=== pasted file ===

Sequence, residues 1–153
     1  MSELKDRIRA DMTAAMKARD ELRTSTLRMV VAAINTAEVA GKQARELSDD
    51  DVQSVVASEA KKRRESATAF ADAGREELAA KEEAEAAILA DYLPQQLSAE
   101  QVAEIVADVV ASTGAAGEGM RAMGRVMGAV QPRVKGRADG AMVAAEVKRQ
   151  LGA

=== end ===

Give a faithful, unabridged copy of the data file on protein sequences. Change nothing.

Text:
Sequence, residues 1–153
     1  MSELKDRIRA DMTAAMKARD ELRTSTLRMV VAAINTAEVA GKQARELSDD
    51  DVQSVVASEA KKRRESATAF ADAGREELAA KEEAEAAILA DYLPQQLSAE
   101  QVAEIVADVV ASTGAAGEGM RAMGRVMGAV QPRVKGRADG AMVAAEVKRQ
   151  LGA